Hold onto your matzoh balls, here come the kosher wines. Traditionally, these religiously important wines have not exactly screamed quality; instead they were thick, syrup-sweet tongue-attackers. But, there’s good news for the approaching holiday. In the last 15 or 20 years, kosher wines have improved dramatically and arrived at a new level of everyday people-pleasing quality.
American kosher wines are rooted in upstate New York, home to the indigenous Concord grape. Early settlers and Jewish immigrants set up shop fermenting these wild grapes — the same used by Dr. Thomas Welch in his famous juice. A distant cousin of the esteemed European vitis vinifera grape family (Cabernet, Chardonnay, Merlot, etc.), the Concord is brutally acidic (like sucking on a key lime) and forms the base for the granddaddy of kosher wine, Manischewitz. To overcome the high acid to make a palatable product, the winemaker has to add loads of sugar. So historically, American kosher wine has been synonymous with a diabetic’s nightmare.
But with the kosher wine movement in California towards vitis vinifera grapes, wineries like Baron Herzog, Gan Eden and Weinstock are challenging their sugary stigma. In addition, improvements in shipping technology have introduced high octane Merlots and Cabernets from Israel, France, Chile and Australia. But with all that, worldwide sales still hover at only a million cases per year, mostly sold around Passover. To move the needle, kosher wine producers are expanding varietal choices and delivering better quality wine that — gasp! — even non-Jews would deign to consume.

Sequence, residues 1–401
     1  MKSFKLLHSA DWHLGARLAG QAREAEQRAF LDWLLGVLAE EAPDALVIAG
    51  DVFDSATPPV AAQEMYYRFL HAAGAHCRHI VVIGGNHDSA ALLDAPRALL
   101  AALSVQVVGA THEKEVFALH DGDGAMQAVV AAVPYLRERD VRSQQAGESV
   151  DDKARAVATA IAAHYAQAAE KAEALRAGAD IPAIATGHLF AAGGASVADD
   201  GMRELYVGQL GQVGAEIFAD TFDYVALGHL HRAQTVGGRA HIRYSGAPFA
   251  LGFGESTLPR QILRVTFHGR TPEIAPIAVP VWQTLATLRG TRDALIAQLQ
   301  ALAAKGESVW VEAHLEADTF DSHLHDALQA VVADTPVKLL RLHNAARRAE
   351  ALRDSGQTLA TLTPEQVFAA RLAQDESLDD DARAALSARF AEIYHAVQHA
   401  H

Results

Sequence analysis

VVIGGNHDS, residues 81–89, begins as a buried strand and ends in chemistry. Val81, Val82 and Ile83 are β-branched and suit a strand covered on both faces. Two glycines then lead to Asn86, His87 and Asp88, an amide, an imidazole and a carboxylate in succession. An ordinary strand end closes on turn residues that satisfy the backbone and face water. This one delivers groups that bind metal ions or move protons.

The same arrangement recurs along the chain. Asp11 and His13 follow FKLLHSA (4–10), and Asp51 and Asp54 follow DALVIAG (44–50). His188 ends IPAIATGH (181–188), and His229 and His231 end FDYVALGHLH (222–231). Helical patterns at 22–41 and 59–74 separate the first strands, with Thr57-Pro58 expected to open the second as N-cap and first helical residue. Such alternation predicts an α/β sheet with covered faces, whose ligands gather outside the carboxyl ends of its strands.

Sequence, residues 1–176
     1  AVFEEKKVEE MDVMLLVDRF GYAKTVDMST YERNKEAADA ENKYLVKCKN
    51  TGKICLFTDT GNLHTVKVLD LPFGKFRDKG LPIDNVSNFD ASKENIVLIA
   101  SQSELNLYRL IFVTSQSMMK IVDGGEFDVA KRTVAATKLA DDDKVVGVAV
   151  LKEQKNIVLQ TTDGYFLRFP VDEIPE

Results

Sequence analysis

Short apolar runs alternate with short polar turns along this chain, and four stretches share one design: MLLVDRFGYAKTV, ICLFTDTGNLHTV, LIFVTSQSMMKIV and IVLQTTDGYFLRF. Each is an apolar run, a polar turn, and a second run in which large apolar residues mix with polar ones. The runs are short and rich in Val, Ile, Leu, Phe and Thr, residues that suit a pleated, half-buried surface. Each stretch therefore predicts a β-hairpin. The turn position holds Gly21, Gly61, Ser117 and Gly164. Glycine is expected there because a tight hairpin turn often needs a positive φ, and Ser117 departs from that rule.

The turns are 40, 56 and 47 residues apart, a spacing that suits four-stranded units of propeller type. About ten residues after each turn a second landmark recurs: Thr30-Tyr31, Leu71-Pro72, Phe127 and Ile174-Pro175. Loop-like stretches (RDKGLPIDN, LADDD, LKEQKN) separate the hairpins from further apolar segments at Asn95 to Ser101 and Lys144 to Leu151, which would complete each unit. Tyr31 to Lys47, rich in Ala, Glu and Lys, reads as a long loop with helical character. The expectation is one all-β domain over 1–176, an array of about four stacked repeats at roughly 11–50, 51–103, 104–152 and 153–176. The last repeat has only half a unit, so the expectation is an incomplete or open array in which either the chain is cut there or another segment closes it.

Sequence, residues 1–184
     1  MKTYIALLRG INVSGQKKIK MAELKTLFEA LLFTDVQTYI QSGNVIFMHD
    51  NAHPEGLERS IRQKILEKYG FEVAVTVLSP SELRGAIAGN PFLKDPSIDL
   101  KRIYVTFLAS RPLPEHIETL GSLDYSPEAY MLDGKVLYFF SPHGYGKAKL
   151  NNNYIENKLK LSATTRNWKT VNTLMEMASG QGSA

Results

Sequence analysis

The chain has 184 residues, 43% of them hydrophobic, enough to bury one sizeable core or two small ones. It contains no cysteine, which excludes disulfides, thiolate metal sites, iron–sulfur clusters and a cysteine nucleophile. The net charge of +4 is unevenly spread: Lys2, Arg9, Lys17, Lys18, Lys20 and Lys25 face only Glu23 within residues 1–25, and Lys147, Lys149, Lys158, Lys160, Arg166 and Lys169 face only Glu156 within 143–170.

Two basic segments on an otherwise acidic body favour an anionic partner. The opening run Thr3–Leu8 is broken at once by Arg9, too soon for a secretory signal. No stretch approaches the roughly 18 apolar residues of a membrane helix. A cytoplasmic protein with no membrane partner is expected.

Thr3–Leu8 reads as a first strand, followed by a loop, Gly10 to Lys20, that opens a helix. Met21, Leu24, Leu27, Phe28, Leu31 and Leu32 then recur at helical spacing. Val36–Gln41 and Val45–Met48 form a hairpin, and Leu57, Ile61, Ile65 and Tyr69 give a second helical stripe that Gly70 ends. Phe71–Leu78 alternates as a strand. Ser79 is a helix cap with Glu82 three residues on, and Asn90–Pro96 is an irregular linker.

What makes wine kosher? Contrary to some beliefs, kosher wines are born the same way as other wines, only with a few stringent rules. According to Peter Stern — Director of Winemaking at Royal Wines, America’s leading kosher wine producer — there are two rules when making wines kosher: 1) Animal-derived material, such as gelatin, is forbidden in the winemaking process. One exception is using egg whites (from eggs containing no blood) in the “fining” or “clarifying” stage, a voluntary step that removes sediment left over from fermentation. 2) From beginning to end, all equipment must be kosher; for example, the fermentation tanks must be “koshered” (sanitized with a special hot water spray process) and Orthodox Jewish workers must handle all winemaking duties. This rule continues all the way through the bottling stage, until after the cork and seal are in place.
Wines have deep significance in the Jewish high holy days. During elaborate dinners, participants consume wine not only to celebrate, but for religious reasons. Great to have an excuse, right? With better wines to choose from, holiday diners can now kick up their heels and escape to dry wines, but it’s high time non-Jews venture out and explore the kosher plains. Besides, kosher Zin pairs just as well with gefelte fish as with spicy grilled chicken breast. Shalom.
Some recommended Kosher wines:
Baron Herzog Zinfandel (California)
Golan Hieghts “Yarden” Cabernet Sauvignon (Israel)
Golan Heights “Yarden” Chardonnay(Israel)
Alfasi Valle de Maule Cabernet Sauvignon (Chile)
Barkan Chardonnay (Israel)
Covenant “Red C” Cabernet Sauvignon (California)
Weinstock Chardonnay (California)
Baron Herzog Chenin Blanc (California)